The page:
Now onto our new residence.  Most people assume that when you move from your own starter home to your parent’s home that it will be a move up.  Larger house, nicer furnishings, and a lot of the things you couldn’t afford when you’re young and just starting out.  I can joke about it here because we joke about it to her face, but moving in with his mom was almost a step in the opposite direction.   Open the cupboards and you’d find all mismatched plates and glasses with half of them being plastic.  There’s actually a plastic Ronald McDonald plate from 1992 that is used in rotation quite a lot.  Tupperware is a washed out Hillshire Farms Deli Meat container.  All of the washing detergent, toothpaste, and cold medicine come from Dollar General.    It would almost appear as if we just moved into a frat house.  I think half of our moving time was spent teasing his mom about the almost role reversal going on here between the two generations.   If changes like these won’t prepare us for living on a cheap budget during our circumnavigation I don’t know what will.

All kidding aside, with 7 grandkids rampaging through the house from time to time it’s great to have plastic dishware and if you don’t have OCD like Matt you use what works instead of having to buy brand name tupperware containers or laundry degergent.  (Although I always did the laundry in our house and I will stand beside Tide)  It may not be what we’re used to but there’s no reason it can’t work.  Besides, in a few years this will look like high living to us.  Showers, air conditioning, and easy access to our food?  Psh, we’ll be begging for these luxuries in the future.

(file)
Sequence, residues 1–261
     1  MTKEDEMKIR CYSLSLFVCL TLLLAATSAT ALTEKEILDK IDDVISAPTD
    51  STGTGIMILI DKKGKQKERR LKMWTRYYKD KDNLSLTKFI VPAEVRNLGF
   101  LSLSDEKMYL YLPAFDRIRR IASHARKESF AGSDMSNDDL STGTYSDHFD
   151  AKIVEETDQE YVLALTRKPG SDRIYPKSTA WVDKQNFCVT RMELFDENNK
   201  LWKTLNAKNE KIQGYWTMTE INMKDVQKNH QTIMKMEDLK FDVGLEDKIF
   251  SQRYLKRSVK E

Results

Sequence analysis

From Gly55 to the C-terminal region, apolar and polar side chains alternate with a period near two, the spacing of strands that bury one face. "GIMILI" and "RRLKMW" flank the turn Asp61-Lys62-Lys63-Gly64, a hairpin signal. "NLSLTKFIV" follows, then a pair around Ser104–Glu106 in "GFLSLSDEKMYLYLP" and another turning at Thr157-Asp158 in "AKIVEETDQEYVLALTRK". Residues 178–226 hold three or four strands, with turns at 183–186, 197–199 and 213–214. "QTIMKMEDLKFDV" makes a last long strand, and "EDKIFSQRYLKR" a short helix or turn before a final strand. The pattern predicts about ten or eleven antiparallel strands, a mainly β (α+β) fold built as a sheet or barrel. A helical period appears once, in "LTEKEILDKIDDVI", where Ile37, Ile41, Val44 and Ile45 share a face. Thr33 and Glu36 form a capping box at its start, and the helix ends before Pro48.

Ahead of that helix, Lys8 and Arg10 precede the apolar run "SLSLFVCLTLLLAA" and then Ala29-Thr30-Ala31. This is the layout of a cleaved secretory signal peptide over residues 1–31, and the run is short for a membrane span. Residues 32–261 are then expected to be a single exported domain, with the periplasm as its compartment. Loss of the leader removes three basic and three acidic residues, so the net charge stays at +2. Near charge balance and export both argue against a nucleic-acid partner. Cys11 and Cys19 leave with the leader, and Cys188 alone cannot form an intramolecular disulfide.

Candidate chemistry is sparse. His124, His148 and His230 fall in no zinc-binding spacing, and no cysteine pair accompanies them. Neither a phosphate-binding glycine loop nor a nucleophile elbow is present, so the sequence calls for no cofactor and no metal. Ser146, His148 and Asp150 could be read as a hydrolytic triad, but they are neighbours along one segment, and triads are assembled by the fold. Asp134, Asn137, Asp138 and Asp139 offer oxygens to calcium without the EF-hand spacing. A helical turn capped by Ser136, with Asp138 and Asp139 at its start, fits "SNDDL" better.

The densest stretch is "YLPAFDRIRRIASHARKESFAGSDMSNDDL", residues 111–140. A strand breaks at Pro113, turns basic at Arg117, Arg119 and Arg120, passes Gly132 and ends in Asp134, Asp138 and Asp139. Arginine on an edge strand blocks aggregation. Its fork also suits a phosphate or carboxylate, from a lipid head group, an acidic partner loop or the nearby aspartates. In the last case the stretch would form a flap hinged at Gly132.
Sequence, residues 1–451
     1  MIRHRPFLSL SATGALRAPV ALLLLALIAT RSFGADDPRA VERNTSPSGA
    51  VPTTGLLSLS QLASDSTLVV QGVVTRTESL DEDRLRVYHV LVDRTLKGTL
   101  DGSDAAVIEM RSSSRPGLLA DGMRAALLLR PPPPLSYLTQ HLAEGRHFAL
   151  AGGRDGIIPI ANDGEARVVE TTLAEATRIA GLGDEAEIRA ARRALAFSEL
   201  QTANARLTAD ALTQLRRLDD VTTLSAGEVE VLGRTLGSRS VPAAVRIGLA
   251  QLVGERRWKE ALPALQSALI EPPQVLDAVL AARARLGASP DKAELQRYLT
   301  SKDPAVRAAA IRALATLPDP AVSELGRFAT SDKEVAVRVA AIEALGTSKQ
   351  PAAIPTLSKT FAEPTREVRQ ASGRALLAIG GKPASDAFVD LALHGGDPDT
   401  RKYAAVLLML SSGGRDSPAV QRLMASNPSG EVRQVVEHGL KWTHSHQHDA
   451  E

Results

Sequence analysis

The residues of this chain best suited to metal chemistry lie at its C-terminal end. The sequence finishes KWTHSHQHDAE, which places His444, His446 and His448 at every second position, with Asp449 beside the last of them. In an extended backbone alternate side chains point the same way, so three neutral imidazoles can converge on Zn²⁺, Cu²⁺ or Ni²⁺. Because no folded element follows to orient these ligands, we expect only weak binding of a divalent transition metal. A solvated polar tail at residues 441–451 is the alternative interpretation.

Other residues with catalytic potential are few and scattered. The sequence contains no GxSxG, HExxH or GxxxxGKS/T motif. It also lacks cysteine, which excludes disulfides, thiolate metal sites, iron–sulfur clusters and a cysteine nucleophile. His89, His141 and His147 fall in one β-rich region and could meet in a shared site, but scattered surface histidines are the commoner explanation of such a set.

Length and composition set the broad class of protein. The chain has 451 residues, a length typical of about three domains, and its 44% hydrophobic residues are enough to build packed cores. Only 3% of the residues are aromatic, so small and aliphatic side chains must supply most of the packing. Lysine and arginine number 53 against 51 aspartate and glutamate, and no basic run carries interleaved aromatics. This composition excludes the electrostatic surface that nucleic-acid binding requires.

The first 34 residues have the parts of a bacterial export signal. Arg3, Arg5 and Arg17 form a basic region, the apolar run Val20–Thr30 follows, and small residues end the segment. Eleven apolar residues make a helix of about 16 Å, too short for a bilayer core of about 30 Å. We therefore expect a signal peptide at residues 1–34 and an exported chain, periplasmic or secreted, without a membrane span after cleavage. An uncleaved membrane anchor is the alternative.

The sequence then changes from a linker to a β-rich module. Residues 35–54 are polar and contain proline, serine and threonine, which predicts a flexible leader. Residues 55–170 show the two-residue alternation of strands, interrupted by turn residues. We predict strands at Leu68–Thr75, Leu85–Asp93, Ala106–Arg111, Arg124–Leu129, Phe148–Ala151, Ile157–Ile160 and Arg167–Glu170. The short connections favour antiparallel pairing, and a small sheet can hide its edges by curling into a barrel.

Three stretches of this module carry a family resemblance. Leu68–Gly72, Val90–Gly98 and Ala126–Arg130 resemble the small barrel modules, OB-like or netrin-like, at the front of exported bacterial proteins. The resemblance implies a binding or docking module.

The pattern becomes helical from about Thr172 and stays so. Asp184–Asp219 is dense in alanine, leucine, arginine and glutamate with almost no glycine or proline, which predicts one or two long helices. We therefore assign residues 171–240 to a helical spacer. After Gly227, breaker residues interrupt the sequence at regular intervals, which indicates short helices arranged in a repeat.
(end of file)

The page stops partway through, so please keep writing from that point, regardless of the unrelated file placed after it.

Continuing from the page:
Notice how I didn’t go on about storage space though.  We didn’t bring a ton of material items over with us but we did have to bring enough to get us through a full year in a four seasons climate.  If I were still working at the OB I could whittle my work wardrobe down to two pairs of black pants and two work shirts…but now that I’m at an office job (that no one knows I will be leaving in a year) I need to have an array of nice tops and pants and can’t been seen in the same outfit too many times without my fellow coworkers wondering if I do in fact come from the trailer park across the street.  And since there was not an abundance of storage space even before we came, making room for two new people has left us with our bedroom, part of the attic, and one shelf in the bathroom to keep all our belongings.  I’m sure we’ll make it work by learning to live in a room packed full of boxes or learn to live solely on essentials.  Or maybe it will be like living on the boat were I’ll have to move around six boxes and unpack a container just to get to a pair of shoes.  Only 13 months to go until we can finally leave on our adventure.   The countdown starts now.

 

What to do with all these boxes now that the closet is full?

Oh, and there’s an ongoing joke in the house now that things will continue to downgrade and we’ll eventually move down to frisbees to eat off instead of plates.  I can see Chris eyeing the dog’s right now.

*I should mention the crime part in the title is only because when Matt lived here 10 years ago his car was broken into twice on the street.  Since then the neighborhood had really changed and things like that don’t happen anymore.

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What’s Blue and White, and Wet All Over?

Sunday June 5, 2011

It’s our boat, because she’s finally back in the water!!  Somehow this years transition from on the hard to in the water seemed to go by much quicker than last year but that could be because I spent far far less time on her in 2011 than I did in 2010.  I think I made it out to the boat yard a total of six times for hard labor vs the countless times last year.  Which means that Matt deserves a big thanks because 90% of the work was done by him.